Monday, November 19, 2012

A Zen Life: Film Review

As usual Wildmind has a good article on this movie about D.T. Suzuki, and put his influence well:

"Avant-garde musician John Cage; Catholic mystic Thomas Merton; Beat writers Gary Snyder, Allen Ginsberg, and Jack Kerouac; psychotherapists Carl Jung and Erich Fromm; Zen teachers Robert Aitken and Philip Kapleau, philosophers Karl Jaspers and Martin Heidegger: 20th century giants all, and all have one thing in common — they were deeply influenced by Daisetz Teitaro Suzuki, a gentle scholar-practitioner from Japan."

A Zen Life is a documentary film about Daisetz Teitaro Suzuki. He was an early popularizer of Zen in English speaking countries, mostly America. He met many interesting and famous people, and plays a part of the cultural history in America.

It's hard to portray in depth a life, with episodic quotes and interviews. This movie gives a kind of broad impressionistic summary of Suzuki's life. I had a million thoughts during the movie. I'm always interested in biography, the arc of a life. I thought it was interesting that his deep experiences were similar to mine, I once felt that I was the wind and the trees. I didn't see that as enlightenment, just a deep meditative experience. I found it interesting he adopted a mixed child in a time in Japan when these children would be shunned, but he had an American wife, Beatrice Erskine Lane.

While I respect Bodhipaksa's idea that Suzuki was unfairly blamed for being pro-war, reading Zen At War, Suzuki clearly makes pro-war statement in his writings. The fact that many good people got swept up in the country's ideas, doesn't make him less pro-war, though perhaps it makes him human. We look back now that it is a mistake to be pro-war, and that's easy with hindsight, but we don't really appreciate all the complexities and circumstances with a snap judgment.  Everyone gets swept along in a tide of ideas, none of them their own.  For someone of Suzuki's stature to be swept along is understandable too. I still think he was pro-war, in writing anyway if Zen At War is to be believed, and am not sure why we would have to protect him from being, at least at points in his life, pro-war.

I think you can also easily criticize a popularizer's work, the first person to really begin writing about something to a country unfamiliar with Zen and Buddhism. At times Suzuki seemed profound to me.  The interviews were a mixed bag, I wasn't sure why some people got so much time.  I suppose it's hard to get footage of some people. I wanted more from Snyder, Fromm and Merton. Making a movie is not easy. I think writing something critical is easy, takes a few seconds, but making a movie takes a lot of time and effort, so I respect that.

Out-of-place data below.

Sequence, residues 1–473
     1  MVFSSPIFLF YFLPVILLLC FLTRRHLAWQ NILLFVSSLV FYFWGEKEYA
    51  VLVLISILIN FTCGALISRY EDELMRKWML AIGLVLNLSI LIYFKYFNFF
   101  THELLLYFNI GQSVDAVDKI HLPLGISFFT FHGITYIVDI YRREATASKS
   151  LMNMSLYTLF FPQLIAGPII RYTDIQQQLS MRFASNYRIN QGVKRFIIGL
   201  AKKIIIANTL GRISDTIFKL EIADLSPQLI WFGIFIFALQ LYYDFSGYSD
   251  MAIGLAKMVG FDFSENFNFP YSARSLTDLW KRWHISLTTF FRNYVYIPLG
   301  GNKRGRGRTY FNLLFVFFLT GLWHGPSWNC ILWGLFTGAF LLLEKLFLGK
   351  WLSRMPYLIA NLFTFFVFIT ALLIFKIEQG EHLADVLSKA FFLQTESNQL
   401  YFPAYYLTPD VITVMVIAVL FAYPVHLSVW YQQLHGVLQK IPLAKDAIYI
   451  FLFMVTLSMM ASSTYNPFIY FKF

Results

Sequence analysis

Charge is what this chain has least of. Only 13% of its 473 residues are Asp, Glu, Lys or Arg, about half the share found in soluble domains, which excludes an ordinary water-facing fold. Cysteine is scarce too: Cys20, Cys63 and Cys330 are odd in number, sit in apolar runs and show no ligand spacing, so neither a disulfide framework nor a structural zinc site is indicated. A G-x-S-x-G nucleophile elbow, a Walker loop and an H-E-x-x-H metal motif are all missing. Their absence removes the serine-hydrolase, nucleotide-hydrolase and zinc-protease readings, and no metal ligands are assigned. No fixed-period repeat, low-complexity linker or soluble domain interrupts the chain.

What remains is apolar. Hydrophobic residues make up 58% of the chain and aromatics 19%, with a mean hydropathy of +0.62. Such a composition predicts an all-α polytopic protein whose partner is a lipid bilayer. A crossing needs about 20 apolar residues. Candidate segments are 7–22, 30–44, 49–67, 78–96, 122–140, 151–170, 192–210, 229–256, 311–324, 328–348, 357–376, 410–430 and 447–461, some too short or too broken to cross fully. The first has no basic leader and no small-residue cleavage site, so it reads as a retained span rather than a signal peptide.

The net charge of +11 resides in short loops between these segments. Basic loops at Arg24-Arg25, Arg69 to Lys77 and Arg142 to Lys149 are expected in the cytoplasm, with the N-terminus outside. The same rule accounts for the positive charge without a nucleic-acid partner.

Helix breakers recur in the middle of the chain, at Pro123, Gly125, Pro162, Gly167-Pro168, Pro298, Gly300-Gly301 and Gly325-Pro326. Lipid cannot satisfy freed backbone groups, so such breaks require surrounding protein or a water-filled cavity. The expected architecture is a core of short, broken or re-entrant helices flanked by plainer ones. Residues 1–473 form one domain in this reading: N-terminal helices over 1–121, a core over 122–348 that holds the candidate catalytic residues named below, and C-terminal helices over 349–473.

I recently saw Crazy Wisdom, and this can be set alongside A Zen Life. They summarize a Buddhist life, and the influence people make in sharing their knowledge, in a foreign language such as English would be to Trungpa and Suzuki. Two early communicators of the Dharma in America and the English language world.

One thing that is easy in life, is to deny and cut off parts of it.  I have learned the spiritual lingo and yet it's not easy for me to change and evolve. I found it weird that Mihoko Okamura, the woman who cared for Suzuki in his later life, denied that he was dead, saying life and death were dualistic ideas. I felt sad for her loss, to such an important part of her life.  She seemed like an excellent caregiver; It's important noble work, and you can tell her devotion in her facial expressions and body language.  Suzuki seemed to be lucky to get such a devoted caregiver. I wonder how she made the decision to do that, and what her story is.  (Here is a blog of someone who met with Mihoko Okamura.)

I want to write a play about Suzuki living in a household with 5 young women, when he lived with Paul Carus, when he first came to America.  I would have loved to have been a fly on the wall in that house.

I read a few of Suzuki's books in college and was totally befuddled.  Now I have a glimmer of where these Zen masters were coming from, but at the time it was very confusing.  When I was reading the Lankavatara Sutra I saw that he had some essays on that, but the book is out of print and used copies are expensive.

So I don't know if learning about Suzuki gets me closer to enlightenment, but I do enjoy the peripheral history and culture of Buddhism in America.

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